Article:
As Jesus talked, Nicodemus did not understand everything He said, even though Nicodemus was a well-respected religious teacher among the Jews. But he was open to listen and consider Jesus’ teachings. He may have even believed Jesus was the Messiah. The other Pharisees in Judea were a different story. There was something about Jesus that they did not like; and they became upset when they found out that, in addition to His disciples, Jesus was now gaining more followers than John the Baptist had. Knowing they were upset, Jesus decided to return to Galilee.


John 4:4-43

Between Judea and Galilee was a region called Samaria. This region once belonged to the kingdom of Israel; but when the Israelites living in this region were taken away as captives by the Assyrian kings, strangers from other lands were brought into the region, and they made it their home.

These strangers learned about the God of the Israelites, but the Jews would not accept them as Israelites. So they were never allowed to worship God at the inner court of the temple in Jerusalem. Instead, they built their own temple and worshiped there until it was destroyed. At the time of Jesus, they were still hated by the Jews. The Jews hated them so much that they refused to go through Samaria when traveling between Judea and Galilee, even though this was the shortest, most logical route. Instead, they traveled along the border of Samaria.

Even though Jesus was a Jew, He did not hate the Samaritans. To Him they were precious too. He did not mind going through their country on His way back to His home in Galilee. Because Jesus wanted to take the shorter road, through Samaria, His disciples were willing to go that way too. So they traveled along, stopping at a little city called Sychar.

Near the city was a roadside well, which had been dug hundreds of years before by Jacob, the grandson of Abraham. When Jesus and His disciples reached this well, Jesus was tired; and He sat down by it to rest from His long walk. His disciples went on to the city to buy food, leaving Him there alone.

As Jesus was sitting by the well, a woman from Sychar came to it to get some water. She glanced at the stranger sitting there and saw that He was a Jew. She was probably surprised to see a Jew in the middle of Samaria, and she was definitely surprised when he asked her for a drink. Most Jews would not even talk to Samaritans. Confused, the woman asked, “How is it that you, being a Jew, ask me for a drink since I am a Samaritan woman?”

Jesus told her that if she knew who He was, she would have asked Him for a drink instead, for He could give her living water. Now the woman was even more confused. She said, “Sir, you have nothing to draw with and the well is deep; where then do you get that living water?” “Living water” was how the people in those days referred to water in motion, like water in a stream. But He could not even get water out the well, nor was there another source of water nearby. How could He give her living water? So she continued, “You are not greater than our father Jacob, are you, who gave us the well, and drank of it himself and his sons and his cattle?”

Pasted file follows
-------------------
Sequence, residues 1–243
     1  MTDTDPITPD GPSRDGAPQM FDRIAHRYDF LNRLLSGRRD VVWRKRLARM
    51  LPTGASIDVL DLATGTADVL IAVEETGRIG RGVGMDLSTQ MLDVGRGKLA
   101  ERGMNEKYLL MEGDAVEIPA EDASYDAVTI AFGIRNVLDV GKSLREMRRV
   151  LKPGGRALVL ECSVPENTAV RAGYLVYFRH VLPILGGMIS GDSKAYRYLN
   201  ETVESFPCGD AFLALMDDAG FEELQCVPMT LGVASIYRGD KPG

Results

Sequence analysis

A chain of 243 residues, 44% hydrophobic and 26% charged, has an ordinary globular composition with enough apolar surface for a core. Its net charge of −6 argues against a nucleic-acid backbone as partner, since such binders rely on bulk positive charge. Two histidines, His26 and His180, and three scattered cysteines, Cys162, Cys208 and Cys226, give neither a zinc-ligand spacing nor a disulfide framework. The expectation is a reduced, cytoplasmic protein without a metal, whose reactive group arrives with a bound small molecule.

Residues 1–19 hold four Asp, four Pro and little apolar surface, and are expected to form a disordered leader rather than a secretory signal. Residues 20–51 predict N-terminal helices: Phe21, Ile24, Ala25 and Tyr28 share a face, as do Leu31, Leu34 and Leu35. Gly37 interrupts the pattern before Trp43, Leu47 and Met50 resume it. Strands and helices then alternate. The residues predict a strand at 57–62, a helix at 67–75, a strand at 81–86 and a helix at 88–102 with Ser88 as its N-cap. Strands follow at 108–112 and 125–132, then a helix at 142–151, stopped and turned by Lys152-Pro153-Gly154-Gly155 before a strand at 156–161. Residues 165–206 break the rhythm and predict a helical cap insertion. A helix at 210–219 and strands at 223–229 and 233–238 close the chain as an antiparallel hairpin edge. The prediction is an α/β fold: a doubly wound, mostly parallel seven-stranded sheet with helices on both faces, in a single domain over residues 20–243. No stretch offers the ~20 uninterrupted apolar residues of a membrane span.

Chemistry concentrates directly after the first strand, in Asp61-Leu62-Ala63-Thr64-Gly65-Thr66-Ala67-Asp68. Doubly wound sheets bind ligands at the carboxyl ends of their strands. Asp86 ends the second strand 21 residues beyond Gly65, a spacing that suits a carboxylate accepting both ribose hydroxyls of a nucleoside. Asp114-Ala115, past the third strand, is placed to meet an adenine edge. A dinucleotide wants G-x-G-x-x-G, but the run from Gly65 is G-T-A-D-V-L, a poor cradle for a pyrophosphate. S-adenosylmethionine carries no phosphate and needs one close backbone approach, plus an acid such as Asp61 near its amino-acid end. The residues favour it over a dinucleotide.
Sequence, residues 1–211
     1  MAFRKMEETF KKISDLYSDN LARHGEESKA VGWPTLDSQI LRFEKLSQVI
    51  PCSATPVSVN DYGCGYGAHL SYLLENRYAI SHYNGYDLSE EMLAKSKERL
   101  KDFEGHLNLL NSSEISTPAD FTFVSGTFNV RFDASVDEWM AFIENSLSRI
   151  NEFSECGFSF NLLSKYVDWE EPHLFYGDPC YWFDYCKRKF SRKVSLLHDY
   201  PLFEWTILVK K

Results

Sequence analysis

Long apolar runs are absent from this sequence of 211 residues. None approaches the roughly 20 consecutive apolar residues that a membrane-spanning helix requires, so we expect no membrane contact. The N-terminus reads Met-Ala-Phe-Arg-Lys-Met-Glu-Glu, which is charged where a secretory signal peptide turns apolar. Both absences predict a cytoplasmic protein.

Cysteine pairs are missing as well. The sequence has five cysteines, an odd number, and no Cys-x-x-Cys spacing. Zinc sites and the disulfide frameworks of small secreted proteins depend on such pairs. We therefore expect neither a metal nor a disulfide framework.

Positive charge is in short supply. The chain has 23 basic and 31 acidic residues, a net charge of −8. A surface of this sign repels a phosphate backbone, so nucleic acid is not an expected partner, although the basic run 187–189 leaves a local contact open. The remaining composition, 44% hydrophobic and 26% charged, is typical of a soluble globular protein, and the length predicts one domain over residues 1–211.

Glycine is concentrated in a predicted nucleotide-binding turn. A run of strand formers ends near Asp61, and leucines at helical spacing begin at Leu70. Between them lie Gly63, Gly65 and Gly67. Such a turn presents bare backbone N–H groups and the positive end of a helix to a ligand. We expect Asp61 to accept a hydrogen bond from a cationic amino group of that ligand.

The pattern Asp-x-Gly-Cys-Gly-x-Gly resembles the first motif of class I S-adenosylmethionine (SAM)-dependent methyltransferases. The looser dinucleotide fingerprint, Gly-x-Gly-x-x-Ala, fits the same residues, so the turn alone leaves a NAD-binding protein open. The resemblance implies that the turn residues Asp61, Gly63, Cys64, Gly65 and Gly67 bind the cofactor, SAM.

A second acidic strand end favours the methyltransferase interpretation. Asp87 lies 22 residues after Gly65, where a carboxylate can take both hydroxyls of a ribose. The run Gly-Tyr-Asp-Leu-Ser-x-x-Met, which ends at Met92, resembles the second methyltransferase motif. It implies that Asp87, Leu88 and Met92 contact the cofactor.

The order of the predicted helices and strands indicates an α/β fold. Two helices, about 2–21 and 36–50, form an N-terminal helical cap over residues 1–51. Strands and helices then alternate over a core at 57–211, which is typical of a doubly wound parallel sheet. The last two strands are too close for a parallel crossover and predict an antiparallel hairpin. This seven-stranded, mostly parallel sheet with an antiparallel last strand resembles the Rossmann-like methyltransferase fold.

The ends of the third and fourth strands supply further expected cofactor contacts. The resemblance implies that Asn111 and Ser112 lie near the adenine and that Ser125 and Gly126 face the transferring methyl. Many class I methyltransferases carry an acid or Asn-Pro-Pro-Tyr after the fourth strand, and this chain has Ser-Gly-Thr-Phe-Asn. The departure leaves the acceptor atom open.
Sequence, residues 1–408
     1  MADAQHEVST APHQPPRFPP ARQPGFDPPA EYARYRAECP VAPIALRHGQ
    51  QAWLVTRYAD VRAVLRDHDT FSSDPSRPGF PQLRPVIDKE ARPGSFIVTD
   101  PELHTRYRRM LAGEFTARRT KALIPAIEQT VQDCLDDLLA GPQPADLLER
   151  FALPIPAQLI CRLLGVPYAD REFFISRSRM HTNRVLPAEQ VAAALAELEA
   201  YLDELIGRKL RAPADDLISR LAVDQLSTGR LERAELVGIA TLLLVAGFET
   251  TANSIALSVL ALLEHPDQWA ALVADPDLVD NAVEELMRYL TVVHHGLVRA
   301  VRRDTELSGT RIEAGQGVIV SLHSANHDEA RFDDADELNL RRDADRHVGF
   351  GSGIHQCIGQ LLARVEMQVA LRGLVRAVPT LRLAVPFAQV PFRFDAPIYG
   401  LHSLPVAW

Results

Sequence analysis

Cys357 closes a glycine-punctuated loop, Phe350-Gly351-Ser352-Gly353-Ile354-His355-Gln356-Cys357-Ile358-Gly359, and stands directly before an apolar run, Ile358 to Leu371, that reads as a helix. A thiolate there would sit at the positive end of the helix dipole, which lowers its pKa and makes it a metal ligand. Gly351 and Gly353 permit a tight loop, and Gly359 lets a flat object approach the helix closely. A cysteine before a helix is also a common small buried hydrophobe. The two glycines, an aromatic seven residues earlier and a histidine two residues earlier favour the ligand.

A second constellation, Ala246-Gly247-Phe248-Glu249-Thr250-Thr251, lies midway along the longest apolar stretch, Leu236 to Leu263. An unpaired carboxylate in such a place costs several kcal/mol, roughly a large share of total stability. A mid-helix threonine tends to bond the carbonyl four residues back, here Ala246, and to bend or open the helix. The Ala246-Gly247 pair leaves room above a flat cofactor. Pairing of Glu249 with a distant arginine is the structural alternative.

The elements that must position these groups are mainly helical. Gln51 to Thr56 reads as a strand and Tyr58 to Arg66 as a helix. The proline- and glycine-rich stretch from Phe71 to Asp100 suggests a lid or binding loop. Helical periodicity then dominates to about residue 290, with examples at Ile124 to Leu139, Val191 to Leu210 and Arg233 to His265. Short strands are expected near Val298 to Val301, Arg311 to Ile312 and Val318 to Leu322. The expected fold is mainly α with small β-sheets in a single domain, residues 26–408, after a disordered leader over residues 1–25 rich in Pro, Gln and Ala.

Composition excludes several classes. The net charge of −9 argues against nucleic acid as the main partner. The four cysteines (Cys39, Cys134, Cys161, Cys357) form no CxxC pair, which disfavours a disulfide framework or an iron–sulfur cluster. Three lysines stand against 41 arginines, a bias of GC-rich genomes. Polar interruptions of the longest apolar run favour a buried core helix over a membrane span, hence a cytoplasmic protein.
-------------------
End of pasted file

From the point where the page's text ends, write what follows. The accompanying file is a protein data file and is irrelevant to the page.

“Everyone who drinks of this water will thirst again,” answered Jesus; “but whoever drinks of the water that I will give him shall never thirst; but the water that I will give him will become in him a well of water springing up to eternal life.”

The woman was listening, but she still was not understanding. She kept thinking of ordinary water and the well. She imagined how nice it would be not to have to do her chore of drawing water anymore. So she said, “Sir, give me this water, so I will not be thirsty nor come all the way here to draw.”

At this point Jesus decided to drop the metaphor. He clearly wanted to talk about salvation, and comparing it to water was not working. As the Son of God, Jesus knew about everything; so He started telling the woman about her own life, particularly her personal history with men. The woman had been married five different times, and she was now living with a sixth man, but the two of them were not married. When Jesus mentioned all of this, she wondered how He could know these things since He had just met her. “Sir, I perceive that you are a prophet,” she remarked. And then, probably because she was uncomfortable talking about her sins, she changed the subject. She mentioned the fact that Jews and Samaritans disagreed over where God should be worshiped. Jews said it was at the temple in Jerusalem. Samaritans claimed it was a mountain in their territory—the one where their temple had stood.